Unfortunately, as is all too often with this generation of video games, despite running at 30fps, FlatOut 4 does not feature any kind of split screen mode, so if and when the online multiplayer ever dies out, you will be left with only the Career mode and party games to play with.
When the original FlatOut first released back in 2004, it quickly became a talking point not because of the great physics-based racing, or the relatively new at-the-time course destructibility, but because of the jarring way the game would fling the driver through the windscreen, ala crash test dummies, every time you ploughed the car into an obstacle. Some people thought it was in bad taste, even though it was hilarious to watch as you could semi-control the unfortunate driver's trajectory as he soared through the air before plummeting to his inevitable death.
This feature, along with the great physics engine ended up being used in a variety of mini-games which the series is probably now most known for. FlatOut 4 is no exception, featuring a load of party games and stunt modes for you to fool around with and try and make your way to the top of the online leaderboards.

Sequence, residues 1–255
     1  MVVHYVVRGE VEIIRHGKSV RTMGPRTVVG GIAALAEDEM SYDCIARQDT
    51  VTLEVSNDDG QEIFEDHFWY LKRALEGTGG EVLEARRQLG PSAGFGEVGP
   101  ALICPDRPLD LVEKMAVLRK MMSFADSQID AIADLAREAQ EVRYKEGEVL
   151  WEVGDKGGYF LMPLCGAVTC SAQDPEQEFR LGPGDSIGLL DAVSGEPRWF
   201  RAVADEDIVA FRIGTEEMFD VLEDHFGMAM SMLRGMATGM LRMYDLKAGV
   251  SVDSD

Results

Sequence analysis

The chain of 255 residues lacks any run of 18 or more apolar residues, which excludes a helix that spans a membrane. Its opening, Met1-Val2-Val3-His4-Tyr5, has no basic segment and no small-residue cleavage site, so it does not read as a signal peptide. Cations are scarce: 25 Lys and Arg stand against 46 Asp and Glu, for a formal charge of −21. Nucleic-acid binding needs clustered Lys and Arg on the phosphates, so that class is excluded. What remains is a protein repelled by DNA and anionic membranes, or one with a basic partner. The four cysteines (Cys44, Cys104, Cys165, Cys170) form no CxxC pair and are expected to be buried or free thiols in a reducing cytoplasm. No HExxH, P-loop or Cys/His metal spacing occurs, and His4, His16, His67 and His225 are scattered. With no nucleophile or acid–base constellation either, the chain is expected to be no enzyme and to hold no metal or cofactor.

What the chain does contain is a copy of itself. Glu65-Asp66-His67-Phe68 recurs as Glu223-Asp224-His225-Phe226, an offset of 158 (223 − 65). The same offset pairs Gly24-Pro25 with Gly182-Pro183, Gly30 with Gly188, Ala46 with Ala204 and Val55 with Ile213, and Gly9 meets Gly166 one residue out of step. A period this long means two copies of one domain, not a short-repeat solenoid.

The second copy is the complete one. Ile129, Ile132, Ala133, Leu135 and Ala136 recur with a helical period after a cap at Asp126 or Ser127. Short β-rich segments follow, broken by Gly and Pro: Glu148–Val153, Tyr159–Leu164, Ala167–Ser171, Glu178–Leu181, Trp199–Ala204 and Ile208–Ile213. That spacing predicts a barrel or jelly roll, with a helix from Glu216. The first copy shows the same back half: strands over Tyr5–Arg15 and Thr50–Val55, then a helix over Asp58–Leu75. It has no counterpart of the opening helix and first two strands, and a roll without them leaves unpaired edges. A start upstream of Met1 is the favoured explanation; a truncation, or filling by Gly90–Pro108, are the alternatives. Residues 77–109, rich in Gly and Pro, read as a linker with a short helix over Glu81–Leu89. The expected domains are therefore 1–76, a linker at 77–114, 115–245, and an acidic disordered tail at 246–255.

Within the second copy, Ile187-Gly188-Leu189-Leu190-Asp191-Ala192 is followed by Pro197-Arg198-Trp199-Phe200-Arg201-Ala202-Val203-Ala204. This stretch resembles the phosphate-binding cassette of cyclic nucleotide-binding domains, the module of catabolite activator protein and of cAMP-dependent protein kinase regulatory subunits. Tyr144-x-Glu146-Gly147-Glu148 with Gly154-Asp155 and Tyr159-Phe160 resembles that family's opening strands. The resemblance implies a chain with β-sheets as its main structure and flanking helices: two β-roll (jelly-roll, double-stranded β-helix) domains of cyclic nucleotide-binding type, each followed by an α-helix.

Usually starting at the top of a huge stunt ramp, you put your foot down, use some nitrous oxide to get up to an insane speed, slam on the brakes and watch your guy smash through the windshield and fly off towards whichever minigame setup you have chosen. There are 12 to choose from in total, including golf, long jump, billiards, cup pong, rings of fire, soccer, baseball and curling. The various party games and stunts are a great distraction from the intense racing found in the Career mode, and when put together create an overall varied, great value package.
FlatOut 4 Total Insanity Launch Trailer
+ Great physics
+ Destructible environments
+ Loads of modes
+ Party games
- Stingy race rewards
- Needs more track variety in Career mode
FlatOut 4 looks great overall but there is a clear disparity with the graphics between the Career mode and the party game modes.
FlatOut 4's racing feels great when you slam into a rival and send them careening off the track, or cause them to explode altogether! The destruction adds another layer of strategy to the matches and the combat and carnage modes are literally a blast to play.
Career mode will take a lot of wins to unlock every cup and all of the cars. The party games offer endless fun for when you have friends visiting or you feel like trumping the online leaderboards. If all of that isn't enough, you have up to 8 player vs online multiplayer available to really test your metal.
out of 10
(not an average)
FlatOut 4 Total Insanity is possibly the best game in the series to date. Some of the characters and tracks may feel a bit generic, but that doesn't detract from it being a more than competent racer that is seriously fun with a lot of unique features exclusive to the series.